Digital mental healthcare
E-mental health is not just about technology, but represents a cultural change in mental healthcare by empowering patients to exercise greater choice and control. For example, the provision of online psychological interventions, potentially accessible 24 h a day, 7 days a week, is increasing rapidly using synchronous video/voice or asynchronous text communication. Examples of providers to the NHS include Xenzone (www.xenzone.com), PsychologyOnline (www.psychologyonline.co.uk) and Big White Wall (BWW) (www.bigwhitewall.com)
Mental health professionals have historically been reliant on face-to-face consultations in clinic settings away from the normal lives of their patients. Mobile apps are now available that allow patients to record their mood, behaviour and activities in real-time using well-validated measures such as the PHQ-9 depression scale. Reference Kroenke, Spitzer and Williams3 Patients can track their condition using their own mobile device over time and share this information with their clinician. Potential benefits to patients include greater engagement in their care and earlier detection of problems, more timely adjustment of treatment and shared decision-making. Sensors such as accelerometers, gyroscopes, microphones and cameras, which are now standard parts of smartphones and other mobile devices, mean that it will be possible to continuously and passively collect objective data that can give additional insight into a person’s behaviour and activities. For example, detecting subtle changes in sleep and activity patterns constitute important early warning signs of relapse and can prompt early intervention in depression and bipolar disorder. Reference Prociow and Crowe4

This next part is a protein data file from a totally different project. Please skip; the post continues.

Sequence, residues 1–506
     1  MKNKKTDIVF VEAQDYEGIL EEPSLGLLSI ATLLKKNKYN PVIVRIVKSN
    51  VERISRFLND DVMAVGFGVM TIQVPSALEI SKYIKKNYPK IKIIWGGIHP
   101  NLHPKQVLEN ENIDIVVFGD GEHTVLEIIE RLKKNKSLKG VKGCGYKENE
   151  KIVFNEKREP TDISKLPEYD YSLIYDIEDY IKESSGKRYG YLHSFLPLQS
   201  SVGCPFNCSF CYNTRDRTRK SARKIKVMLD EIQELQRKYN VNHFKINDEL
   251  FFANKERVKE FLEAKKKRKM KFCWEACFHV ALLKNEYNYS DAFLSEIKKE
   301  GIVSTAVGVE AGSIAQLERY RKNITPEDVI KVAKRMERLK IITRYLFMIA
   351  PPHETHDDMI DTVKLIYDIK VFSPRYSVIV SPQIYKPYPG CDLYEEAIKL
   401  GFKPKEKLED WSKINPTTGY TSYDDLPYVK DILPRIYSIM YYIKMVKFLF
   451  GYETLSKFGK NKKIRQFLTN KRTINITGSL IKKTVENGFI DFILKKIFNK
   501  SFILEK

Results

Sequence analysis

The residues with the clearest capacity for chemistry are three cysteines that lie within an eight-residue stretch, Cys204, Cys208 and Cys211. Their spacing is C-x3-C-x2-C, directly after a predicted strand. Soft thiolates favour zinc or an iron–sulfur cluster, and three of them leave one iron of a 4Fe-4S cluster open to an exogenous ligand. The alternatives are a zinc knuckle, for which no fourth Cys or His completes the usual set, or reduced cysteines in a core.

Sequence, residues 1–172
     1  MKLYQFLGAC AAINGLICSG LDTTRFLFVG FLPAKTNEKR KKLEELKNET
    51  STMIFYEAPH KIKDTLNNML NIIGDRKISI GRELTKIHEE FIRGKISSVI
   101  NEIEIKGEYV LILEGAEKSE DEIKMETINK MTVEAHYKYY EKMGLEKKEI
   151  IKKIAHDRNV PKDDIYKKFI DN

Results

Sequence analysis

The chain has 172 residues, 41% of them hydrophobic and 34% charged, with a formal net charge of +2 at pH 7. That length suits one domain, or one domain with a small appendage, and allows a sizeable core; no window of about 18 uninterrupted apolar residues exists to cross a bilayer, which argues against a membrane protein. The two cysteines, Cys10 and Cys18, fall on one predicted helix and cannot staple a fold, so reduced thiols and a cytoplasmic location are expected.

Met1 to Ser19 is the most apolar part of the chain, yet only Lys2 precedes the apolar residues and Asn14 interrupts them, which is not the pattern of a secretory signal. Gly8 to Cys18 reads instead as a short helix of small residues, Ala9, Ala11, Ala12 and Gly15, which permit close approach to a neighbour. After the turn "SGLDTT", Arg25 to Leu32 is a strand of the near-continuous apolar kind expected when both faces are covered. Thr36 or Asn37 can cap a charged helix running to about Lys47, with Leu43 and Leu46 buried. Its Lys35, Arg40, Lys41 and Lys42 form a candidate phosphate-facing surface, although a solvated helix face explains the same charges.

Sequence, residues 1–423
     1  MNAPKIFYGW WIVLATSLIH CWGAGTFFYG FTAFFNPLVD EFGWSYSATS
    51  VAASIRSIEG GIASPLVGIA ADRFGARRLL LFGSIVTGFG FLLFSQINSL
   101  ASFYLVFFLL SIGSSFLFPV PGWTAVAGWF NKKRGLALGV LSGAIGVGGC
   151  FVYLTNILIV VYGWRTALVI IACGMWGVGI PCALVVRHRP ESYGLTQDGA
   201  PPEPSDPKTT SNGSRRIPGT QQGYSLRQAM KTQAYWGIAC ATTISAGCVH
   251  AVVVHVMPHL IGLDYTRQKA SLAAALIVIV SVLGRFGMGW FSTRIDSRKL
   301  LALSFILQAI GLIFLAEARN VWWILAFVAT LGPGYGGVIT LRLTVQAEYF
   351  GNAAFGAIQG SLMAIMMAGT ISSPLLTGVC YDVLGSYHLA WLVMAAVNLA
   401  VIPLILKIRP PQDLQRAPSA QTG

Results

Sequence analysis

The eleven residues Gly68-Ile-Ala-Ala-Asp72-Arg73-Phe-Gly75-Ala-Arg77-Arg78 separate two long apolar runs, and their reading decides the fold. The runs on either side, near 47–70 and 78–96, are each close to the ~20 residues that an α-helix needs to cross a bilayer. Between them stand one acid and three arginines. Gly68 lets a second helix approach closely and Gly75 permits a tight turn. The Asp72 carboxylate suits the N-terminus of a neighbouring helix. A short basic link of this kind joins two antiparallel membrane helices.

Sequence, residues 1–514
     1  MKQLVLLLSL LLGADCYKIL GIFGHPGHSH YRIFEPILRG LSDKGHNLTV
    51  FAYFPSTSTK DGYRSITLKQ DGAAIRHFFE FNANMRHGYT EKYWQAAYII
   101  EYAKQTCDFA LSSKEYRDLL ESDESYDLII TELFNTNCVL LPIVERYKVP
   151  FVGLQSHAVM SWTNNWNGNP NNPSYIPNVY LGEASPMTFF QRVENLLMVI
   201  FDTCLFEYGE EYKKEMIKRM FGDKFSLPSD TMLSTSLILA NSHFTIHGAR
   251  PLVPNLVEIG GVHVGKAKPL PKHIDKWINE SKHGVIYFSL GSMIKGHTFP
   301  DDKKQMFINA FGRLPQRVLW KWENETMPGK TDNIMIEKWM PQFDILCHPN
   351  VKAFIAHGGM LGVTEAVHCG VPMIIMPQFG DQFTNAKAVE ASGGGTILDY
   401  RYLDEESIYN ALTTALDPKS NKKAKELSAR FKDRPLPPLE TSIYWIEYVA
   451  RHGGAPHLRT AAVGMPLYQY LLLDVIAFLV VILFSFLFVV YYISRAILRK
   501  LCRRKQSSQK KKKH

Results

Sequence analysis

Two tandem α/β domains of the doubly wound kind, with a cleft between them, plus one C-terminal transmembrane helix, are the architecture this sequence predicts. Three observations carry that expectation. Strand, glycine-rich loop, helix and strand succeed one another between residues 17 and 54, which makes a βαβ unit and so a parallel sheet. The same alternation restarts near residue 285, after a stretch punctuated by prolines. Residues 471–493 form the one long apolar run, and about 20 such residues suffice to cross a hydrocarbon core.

In mental healthcare, assessment and diagnosis is still largely based on subjective clinical judgements about symptoms and behaviour. Technological innovations have the potential to bring more objectivity and reliability to these processes of assessment, diagnosis and monitoring. Affective computing is a branch of computer science that aims to develop automated assessment of a person’s mood by analysis of their facial expression, speech rate and tone of voice. Reference Valstar, Schuller, Smith, Eyben, Jiang and Bilakhia5 Automated analysis of facial expression has been shown to correspond closely with clinical ratings of depression Reference Valstar, Schuller, Smith, Eyben, Jiang and Bilakhia5 and could potentially augment clinical assessment in the near future.